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              _/_                                      _\_
           __/__/  TDM-GCC Compiler Suite for Windows  \__\__
          | « « |            GCC 10 Series             | » » |
           ¯¯\¯¯\ 32-bit Edition       /¯¯/¯¯
              ¯\¯                                      ¯/¯

This edition of TDM-GCC is an unofficial replacement for the GCC binaries distributed by the project.

  • TDM-GCC isn't endorsed by or affiliated with the project.
  • Support for TDM-GCC is best-effort. If you encounter a bug in TDM-GCC, you won't get help from the maintainers unless the bug is also present in the official binaries.


If you encounter a problem while using a TDM-GCC build that isn't present in a previous MinGW or TDM release, please submit a helpful bug report at



Using the TDM/MinGW installer is highly recommended; it can automatically install TDM-GCC (or the official MinGW GCC) as well as all supplementary base system packages. The installer uses a standard wizard interface with reasonable defaults.


Do not install TDM-GCC packages on top of a previous GCC installation of any kind.

You will need to download and unpack a set of archives. A minimal base set of archives is required; there are also some additional components that are optional, adding support for additional programming languages or GCC features.

TDM-GCC provides a ZIP-compressed version and a TAR.XZ-compressed version of each archive. Use whichever is easiest.



Unpack all the archives to an empty directory. You may choose any path, though it is recommended that you avoid a path with any spaces in the folder names.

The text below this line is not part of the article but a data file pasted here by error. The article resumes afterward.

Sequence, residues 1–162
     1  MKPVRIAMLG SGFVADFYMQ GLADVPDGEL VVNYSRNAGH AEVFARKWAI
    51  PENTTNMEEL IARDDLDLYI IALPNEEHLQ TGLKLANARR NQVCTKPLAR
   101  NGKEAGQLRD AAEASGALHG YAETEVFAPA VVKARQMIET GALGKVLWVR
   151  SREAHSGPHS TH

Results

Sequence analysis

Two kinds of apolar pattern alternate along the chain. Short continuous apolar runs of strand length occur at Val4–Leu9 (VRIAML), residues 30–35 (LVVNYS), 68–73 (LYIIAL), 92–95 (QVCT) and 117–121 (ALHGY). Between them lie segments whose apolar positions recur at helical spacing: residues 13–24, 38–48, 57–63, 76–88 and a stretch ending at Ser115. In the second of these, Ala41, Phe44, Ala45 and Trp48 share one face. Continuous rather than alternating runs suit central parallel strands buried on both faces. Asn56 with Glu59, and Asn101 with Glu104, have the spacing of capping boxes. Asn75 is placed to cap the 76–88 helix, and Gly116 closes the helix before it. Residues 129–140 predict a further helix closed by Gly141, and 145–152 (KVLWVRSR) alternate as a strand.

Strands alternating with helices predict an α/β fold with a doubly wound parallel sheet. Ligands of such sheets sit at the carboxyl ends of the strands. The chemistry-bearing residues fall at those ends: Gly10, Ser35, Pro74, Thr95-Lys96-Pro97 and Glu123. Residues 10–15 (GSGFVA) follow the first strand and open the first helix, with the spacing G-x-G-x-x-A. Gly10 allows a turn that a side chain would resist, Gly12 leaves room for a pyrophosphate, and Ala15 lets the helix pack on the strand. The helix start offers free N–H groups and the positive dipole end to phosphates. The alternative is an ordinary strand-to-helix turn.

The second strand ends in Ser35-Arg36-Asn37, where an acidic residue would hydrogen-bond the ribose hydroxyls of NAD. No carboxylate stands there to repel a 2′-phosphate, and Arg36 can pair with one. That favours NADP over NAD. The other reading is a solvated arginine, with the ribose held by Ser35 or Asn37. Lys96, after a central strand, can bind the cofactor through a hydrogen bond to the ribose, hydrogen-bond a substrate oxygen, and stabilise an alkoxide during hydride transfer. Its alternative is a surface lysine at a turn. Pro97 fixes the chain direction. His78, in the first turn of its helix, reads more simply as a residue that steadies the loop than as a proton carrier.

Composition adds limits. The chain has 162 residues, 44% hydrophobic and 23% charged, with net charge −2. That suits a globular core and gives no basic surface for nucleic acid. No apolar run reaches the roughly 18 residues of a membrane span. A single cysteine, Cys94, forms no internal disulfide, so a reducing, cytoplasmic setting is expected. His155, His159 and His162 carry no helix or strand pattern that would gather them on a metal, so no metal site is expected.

The mingwrt package also needs the file include/features.h. This file is typically generated by the mingw-get installer or the TDM-GCC installer, but you can create it yourself by copying its contents from the wsl-features-20190122-1-mingw32-cfg.tar.xz package inside the file var/lib/wsl/features.lua.

Finally, consider adding the bin subdirectory to your Windows PATH environment variable.



Starting from release 9.2.0, both editions of TDM-GCC come with a windows-default-manifest package. If you install it (which is recommended), it provides an automatically-added XML compatibility manifest to all executables. This internal manifest, mingw32/lib/default-manifest.o, is designed to signal to recent versions of Windows (8.1 and later) that the executable is compatible with all versions of Windows and doesn't need to be run in a compatibility environment for older versions.

If you provide your own manifest, it will override the default manifest.

The default manifest looks like this:


"<?xml version=""1.0"" encoding=""UTF-8"" standalone=""yes""?>\n"
"<assembly xmlns=""urn:schemas-microsoft-com:asm.v1"" manifestVersion=""1.0"">\n"
"  <trustInfo xmlns=""urn:schemas-microsoft-com:asm.v3"">\n"
"    <security>\n"
"      <requestedPrivileges>\n"
"        <requestedExecutionLevel level=""asInvoker""/>\n"
"      </requestedPrivileges>\n"
"    </security>\n"
"  </trustInfo>\n"
"  <compatibility xmlns=""urn:schemas-microsoft-com:compatibility.v1"">\n"
"    <application>\n"
"      <!--The ID below indicates application support for Windows Vista -->\n"
"      <supportedOS Id=""{e2011457-1546-43c5-a5fe-008deee3d3f0}""/>\n"
"      <!--The ID below indicates application support for Windows 7 -->\n"
"      <supportedOS Id=""{35138b9a-5d96-4fbd-8e2d-a2440225f93a}""/>\n"
"      <!--The ID below indicates application support for Windows 8 -->\n"
"      <supportedOS Id=""{4a2f28e3-53b9-4441-ba9c-d69d4a4a6e38}""/>\n"
"      <!--The ID below indicates application support for Windows 8.1 -->\n"
"      <supportedOS Id=""{1f676c76-80e1-4239-95bb-83d0f6d0da78}""/> \n"
"      <!--The ID below indicates application support for Windows 10 -->\n"
"      <supportedOS Id=""{8e0f7a12-bfb3-4fe8-b9a5-48fd50a15a9a}""/> \n"
"    </application>\n"
"  </compatibility>\n"

See for more details, and;a=tree for the upstream source, which is unmodified for TDM binaries.